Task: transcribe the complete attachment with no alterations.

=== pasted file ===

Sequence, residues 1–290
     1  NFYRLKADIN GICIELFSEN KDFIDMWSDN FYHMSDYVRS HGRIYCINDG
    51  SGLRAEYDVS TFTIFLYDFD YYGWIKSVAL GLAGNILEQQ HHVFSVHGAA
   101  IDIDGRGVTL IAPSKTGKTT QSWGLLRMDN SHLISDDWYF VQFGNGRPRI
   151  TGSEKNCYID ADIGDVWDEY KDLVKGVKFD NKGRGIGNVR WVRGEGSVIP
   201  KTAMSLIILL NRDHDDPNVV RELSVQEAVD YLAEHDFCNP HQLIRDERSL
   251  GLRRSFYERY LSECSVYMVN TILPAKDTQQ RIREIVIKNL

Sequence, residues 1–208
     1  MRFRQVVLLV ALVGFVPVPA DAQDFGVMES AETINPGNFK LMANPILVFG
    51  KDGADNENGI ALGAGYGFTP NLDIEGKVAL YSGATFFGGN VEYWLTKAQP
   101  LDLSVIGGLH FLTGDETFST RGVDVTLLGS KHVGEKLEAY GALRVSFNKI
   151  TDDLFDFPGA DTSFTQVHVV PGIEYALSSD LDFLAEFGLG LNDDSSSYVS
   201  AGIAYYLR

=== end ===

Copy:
Sequence, residues 1–290
     1  NFYRLKADIN GICIELFSEN KDFIDMWSDN FYHMSDYVRS HGRIYCINDG
    51  SGLRAEYDVS TFTIFLYDFD YYGWIKSVAL GLAGNILEQQ HHVFSVHGAA
   101  IDIDGRGVTL IAPSKTGKTT QSWGLLRMDN SHLISDDWYF VQFGNGRPRI
   151  TGSEKNCYID ADIGDVWDEY KDLVKGVKFD NKGRGIGNVR WVRGEGSVIP
   201  KTAMSLIILL NRDHDDPNVV RELSVQEAVD YLAEHDFCNP HQLIRDERSL
   251  GLRRSFYERY LSECSVYMVN TILPAKDTQQ RIREIVIKNL

Sequence, residues 1–208
     1  MRFRQVVLLV ALVGFVPVPA DAQDFGVMES AETINPGNFK LMANPILVFG
    51  KDGADNENGI ALGAGYGFTP NLDIEGKVAL YSGATFFGGN VEYWLTKAQP
   101  LDLSVIGGLH FLTGDETFST RGVDVTLLGS KHVGEKLEAY GALRVSFNKI
   151  TDDLFDFPGA DTSFTQVHVV PGIEYALSSD LDFLAEFGLG LNDDSSSYVS
   201  AGIAYYLR